But this is what the hit reminds me of-another hit, which caused the receiver a concussion and got a two-game suspension despite not being to the head:

Both hits have the hitting player coming from the rear, and making contact with a player facing away from them. Both hits (assuming that the Sestito hit IS to the body) are shoulder-to-shoulder-area (although Hjalmarsson’s slightly more from behind), and both hits cause a player’s head to make violent contact with the glass.

And, based on today’s evidence, UK fans seem to think both hits are perfectly legal.

On seeing the Sestito video, I’ve revised my opinion of whether or not it was a check directly to the head-you simply can’t tell. I haven’t revised my opinion that it was illegal. And I still think that it proves attitudes of UK hockey fans  Let me explain.

Under the precise wording of the IIHF rule, which defines a check to the head as:

a check or blow, with any part of the body, to the head and neck area of an opposing player or which “drives” or “forces” the head of an opposing player into the protective glass or boards…

the EIHL can claim it was clean as there is no prove of either direce head and neck contact or that Sestito forced Ward’s head into the boards intentionally, thus avoiding both provisions of the check to the head rule and making their decision technically correct.

End of case, right?

Consider this, though…

The match penalty being “downgraded” due to lack of clear conclusive evidence is being used by UK hockey fans, especially those in Sheffield, as automatic proof that the hit was squeaky-clean.

It isn’t. It’s a hit that approaches from the blindside on to a clearly unprepared opponent. and smashes a player into the glass in such a way that his head appears to strike it.

While the EIHL’s decision is correct under their criteria, and it appears that the referee made the wrong call under the letter of the law (if I was calling that hit, based on the benefit of the video replay it would have been boarding, not “check to the head”) the downgrading of the penalty to a “game” penalty is being taken as proof the hit was clean and no penalty should have been called whatsoever.

In other words “if the call isn’t right, then clearly there was no offence”

And that’s a very dangerous attitude to have. It means that in the future, any similar hit will now have to be treated the same way. Including those which flirt with being from the blindside. The kind of hit that ended Marc Savards career, gave Sidney Crosby a concussion and is now being outlawed in the NHL.

Also, in the back of my mind, I know damn well that if that hit had been landed on a Steelers player and a similar decision made, the noises coming out of S.Yorkshire would have been very different. Just as they would be from every fan defending the hit had it been landed on them.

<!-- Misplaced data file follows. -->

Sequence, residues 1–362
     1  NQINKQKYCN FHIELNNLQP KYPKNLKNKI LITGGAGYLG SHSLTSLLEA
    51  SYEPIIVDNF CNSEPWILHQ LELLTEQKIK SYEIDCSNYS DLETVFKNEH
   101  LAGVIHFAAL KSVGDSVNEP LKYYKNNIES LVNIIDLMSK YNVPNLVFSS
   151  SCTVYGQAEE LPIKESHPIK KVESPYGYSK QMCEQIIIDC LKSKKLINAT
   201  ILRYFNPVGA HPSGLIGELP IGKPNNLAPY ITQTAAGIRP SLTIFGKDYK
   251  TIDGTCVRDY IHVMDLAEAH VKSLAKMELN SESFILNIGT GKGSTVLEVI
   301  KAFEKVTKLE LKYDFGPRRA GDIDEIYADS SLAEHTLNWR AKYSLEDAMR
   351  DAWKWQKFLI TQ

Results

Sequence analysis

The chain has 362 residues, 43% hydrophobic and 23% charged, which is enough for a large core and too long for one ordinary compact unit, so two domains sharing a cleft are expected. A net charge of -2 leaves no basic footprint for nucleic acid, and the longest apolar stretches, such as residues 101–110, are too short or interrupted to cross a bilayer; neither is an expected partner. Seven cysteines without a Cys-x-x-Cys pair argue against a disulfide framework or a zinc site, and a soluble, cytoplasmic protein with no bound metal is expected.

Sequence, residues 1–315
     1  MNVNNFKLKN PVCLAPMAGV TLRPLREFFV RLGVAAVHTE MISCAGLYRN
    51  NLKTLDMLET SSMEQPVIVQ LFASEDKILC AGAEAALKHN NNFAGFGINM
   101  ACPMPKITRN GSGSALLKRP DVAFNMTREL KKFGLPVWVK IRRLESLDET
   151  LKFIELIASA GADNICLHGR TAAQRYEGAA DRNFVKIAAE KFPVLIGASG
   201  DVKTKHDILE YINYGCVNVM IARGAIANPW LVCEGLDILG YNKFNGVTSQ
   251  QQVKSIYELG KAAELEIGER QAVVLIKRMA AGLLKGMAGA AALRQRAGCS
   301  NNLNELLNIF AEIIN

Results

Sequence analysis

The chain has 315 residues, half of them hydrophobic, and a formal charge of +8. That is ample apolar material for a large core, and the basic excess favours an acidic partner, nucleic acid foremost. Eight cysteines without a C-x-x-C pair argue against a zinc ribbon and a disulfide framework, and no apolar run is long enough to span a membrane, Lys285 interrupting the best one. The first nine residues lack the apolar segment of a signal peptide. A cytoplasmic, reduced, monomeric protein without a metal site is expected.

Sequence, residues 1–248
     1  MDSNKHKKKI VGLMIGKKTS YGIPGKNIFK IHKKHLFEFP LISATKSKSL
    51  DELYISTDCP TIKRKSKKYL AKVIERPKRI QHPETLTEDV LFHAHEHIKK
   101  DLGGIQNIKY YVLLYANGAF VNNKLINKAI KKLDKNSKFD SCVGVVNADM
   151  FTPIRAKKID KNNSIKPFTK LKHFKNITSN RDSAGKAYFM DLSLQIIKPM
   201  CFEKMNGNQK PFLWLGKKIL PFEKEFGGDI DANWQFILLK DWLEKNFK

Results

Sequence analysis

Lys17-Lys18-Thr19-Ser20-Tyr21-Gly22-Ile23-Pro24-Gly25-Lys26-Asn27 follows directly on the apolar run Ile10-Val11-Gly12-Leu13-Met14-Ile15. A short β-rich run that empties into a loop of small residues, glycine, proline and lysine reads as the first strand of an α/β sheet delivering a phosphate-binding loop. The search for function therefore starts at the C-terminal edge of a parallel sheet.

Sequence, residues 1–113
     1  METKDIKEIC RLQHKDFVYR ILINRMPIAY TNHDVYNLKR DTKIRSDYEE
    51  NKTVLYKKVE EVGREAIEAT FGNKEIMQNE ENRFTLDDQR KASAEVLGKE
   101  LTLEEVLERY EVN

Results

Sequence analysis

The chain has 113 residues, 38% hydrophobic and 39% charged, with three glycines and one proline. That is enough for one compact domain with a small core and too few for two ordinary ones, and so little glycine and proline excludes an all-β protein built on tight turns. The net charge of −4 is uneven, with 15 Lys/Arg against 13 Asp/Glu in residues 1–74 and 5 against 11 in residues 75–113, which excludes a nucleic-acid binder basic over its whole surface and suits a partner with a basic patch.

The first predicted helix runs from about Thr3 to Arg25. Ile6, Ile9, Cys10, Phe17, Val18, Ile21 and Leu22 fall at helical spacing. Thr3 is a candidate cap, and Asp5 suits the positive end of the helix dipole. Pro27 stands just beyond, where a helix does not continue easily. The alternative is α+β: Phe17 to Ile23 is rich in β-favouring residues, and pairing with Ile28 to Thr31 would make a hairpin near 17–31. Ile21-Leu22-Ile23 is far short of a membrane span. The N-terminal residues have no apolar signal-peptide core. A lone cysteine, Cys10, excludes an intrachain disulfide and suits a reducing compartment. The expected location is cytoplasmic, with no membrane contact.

Yesterday I wrote about the EIHL needing to set a precedent. I suggested that ANY hit that causes a head injury should be worth a one-game suspension at minimum, with more added on the basis of intent.

I also said that UK hockey attitudes need to change, with less emphasis on “if it’s clean under the letter of the law then fine” and “hockey without hitting is nothing” and more emphasis on knowing and lessening the dangers of play in a fast and violent sport and working out ways to cut them down.

I stand by that.

I can’t help thinking that Sheffield have got away with one here. So (from reports) has Andy Ward.

Next time, if the rules aren’t toughened up further still, we might not be so lucky.

Heading Into Danger: Why The EIHL Needs To Make The Right Call On Head Hits

Let’s play a game, shall we, Elite League fans? I’ll start, and see how you answer.

Sounds like fun. We’ve got nothing else to do this Tuesday. Go ahead.

OK. Imagine a hockey player. Imagine he’s in the middle of a game just like any other, when he gets a check that knocks him unconscious. A check that sees him stretchered off the ice.

Dangers of the game, right? Should have kept your head up, kid.

But this is a hit that he never saw coming. A hit that sees an opposition player make contact with his head.

But wait, the other guy couldn’t help it. He was bigger. It looked to us like he went to lay a clean hit-just caught the first guy in the head when he stood up. You can’t blame him for that, right? It was an accident.

Well, clearly the ref didn’t think so-he threw the checker out. Match penalty.

No harm done, then, right? The other guy got a match penalty plus a couple of games suspension. The league are going to review it.

What punishment should the guy get?

We’re fans of his team, and we think it was a clean hit. The guy’s…what, 6’4,, 6’5 and the kid he hit was 5’11/6′? Size difference is an issue here, he can’t be expected to be punished for being tall. It was an accident. No penalty.

We’re fans of the guy who got hit. Throw the book at the offender.

We’re everyone else in the league. A few games is fine. Maybe four.

OK. Let’s say three games. Maybe four.

Sounds about right.

Now imagine the guy hit steps back onto the ice fine after a brief concussion, and carries on playing. The checker serves his suspension, and that’s that.

Sure. All’s fair. The system works, right?

OK. Now imagine the same situation, except this time, imagine that one player knowingly hits another in a way that has been proven will cause the guy hit to start getting dizzy. He’ll suffer nausea for no reason. For the first few weeks after the injury, daylight is painful, so he’ll have to spend his time in a darkened “quiet room” with minimal stimulation.

Wow. That’s nasty. Vicious, even.

It gets worse. He’ll have balance problems. Time will slow down and speed up for him, or at least his perception of it will.